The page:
>> ispo is moving trade show dates for winter 2004 — by one day. Responding to a reported majority of retailers asking for the show to start on Sunday so they could still serve customers in shops on Saturday, ispo has announced that the winter 2004 show will take place from Sunday, Feb. 1, to Wednesday, Feb. 4. SNEWS View: Terrific, but little good that does the U.S. contingent, or any other international attendee who needs to make a game effort to also show up at SIA (Jan. 26 to 29) and Outdoor Retailer Winter Market (Jan. 30 to Feb. 2). A better move would have been to actually push the ispo trade show back by one week — Feb. 8 to 11. We’ve been told that’s too late for the European market — as if one week will really make a difference?
>> Woods Canada Limited has launched the company’s updated website at www.woodscanada.com . The design of the new site is focused on making specific information available quickly and efficiently without waiting for numerous graphic downloads of unimportant information. The new site features all of the current product offerings available for 2003, as well as revisions of site features. The site is available in English and French.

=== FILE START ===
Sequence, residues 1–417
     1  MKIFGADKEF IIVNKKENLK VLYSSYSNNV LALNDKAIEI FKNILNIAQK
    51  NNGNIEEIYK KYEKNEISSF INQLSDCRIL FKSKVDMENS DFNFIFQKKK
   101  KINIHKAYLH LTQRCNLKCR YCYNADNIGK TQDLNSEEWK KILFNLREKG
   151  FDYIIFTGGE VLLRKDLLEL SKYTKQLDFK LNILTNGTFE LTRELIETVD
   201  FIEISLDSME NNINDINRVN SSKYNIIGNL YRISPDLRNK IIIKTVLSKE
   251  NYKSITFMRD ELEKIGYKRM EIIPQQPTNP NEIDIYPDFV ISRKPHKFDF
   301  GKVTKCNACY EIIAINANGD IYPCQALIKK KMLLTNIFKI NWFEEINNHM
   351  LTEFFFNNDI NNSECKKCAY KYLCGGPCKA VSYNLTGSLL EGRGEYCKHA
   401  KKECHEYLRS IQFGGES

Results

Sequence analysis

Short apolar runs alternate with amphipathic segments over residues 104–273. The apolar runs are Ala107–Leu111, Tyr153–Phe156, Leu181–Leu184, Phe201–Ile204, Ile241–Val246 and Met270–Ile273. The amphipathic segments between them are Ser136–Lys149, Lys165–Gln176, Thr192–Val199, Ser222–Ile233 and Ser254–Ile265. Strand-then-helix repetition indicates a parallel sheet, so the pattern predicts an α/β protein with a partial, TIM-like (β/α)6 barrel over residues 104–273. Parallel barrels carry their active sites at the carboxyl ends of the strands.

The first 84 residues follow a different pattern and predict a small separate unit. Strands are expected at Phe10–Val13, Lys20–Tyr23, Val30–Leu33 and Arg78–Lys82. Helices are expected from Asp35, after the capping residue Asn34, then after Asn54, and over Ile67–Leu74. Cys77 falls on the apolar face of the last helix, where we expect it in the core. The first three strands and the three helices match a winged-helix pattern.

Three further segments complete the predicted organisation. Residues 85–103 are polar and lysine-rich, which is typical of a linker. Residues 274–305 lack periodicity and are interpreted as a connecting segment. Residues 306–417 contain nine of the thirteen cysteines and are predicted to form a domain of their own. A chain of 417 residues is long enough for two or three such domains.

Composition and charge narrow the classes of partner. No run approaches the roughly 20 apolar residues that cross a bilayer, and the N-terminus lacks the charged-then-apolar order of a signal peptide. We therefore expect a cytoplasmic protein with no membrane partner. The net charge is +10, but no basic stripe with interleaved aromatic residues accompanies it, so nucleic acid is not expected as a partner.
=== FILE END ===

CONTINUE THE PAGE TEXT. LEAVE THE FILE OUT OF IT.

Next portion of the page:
>> Vasque and its ad agency Colle+McVoy have launched a new consumer advertising campaign that the company says “is an interesting departure from traditional outdoor footwear advertising. By contrast, the Vasque ads focus on the outdoor enthusiasts’ inner challenges rather than beautiful scenics or big boot images. The brand promises to help enthusiasts push their own limits.” The ad campaign features topographic maps in the shapes of key body parts. The Velocity trail running ad focuses on the lungs instead of the requisite photograph of a runner. The cross trail ad highlights the heart and asks, “What’s in Your Blood?” The mountaineering ad foregoes a majestic peak shot for a classic McKinley route on a spine and invites introspection with the headline, “Where Are Your Limits?” The company says it is running the ads in “hard-core niche publications like Trail Runner, Climbing, Rock & Ice and Alpinist throughout 2003.”